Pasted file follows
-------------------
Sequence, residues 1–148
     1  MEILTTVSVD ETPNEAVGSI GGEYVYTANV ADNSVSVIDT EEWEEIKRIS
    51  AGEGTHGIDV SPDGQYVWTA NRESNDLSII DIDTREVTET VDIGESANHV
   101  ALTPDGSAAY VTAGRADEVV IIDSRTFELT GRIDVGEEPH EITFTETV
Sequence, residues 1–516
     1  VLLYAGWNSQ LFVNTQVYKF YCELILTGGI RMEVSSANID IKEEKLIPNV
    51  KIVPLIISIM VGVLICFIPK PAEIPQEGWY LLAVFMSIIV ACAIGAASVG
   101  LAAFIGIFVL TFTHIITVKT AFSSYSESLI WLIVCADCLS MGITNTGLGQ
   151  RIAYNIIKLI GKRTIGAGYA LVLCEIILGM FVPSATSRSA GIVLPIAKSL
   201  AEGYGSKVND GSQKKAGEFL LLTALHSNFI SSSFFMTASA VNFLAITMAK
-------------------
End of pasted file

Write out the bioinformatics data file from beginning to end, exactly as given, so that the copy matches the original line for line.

Sequence, residues 1–148
     1  MEILTTVSVD ETPNEAVGSI GGEYVYTANV ADNSVSVIDT EEWEEIKRIS
    51  AGEGTHGIDV SPDGQYVWTA NRESNDLSII DIDTREVTET VDIGESANHV
   101  ALTPDGSAAY VTAGRADEVV IIDSRTFELT GRIDVGEEPH EITFTETV
Sequence, residues 1–516
     1  VLLYAGWNSQ LFVNTQVYKF YCELILTGGI RMEVSSANID IKEEKLIPNV
    51  KIVPLIISIM VGVLICFIPK PAEIPQEGWY LLAVFMSIIV ACAIGAASVG
   101  LAAFIGIFVL TFTHIITVKT AFSSYSESLI WLIVCADCLS MGITNTGLGQ
   151  RIAYNIIKLI GKRTIGAGYA LVLCEIILGM FVPSATSRSA GIVLPIAKSL
   201  AEGYGSKVND GSQKKAGEFL LLTALHSNFI SSSFFMTASA VNFLAITMAK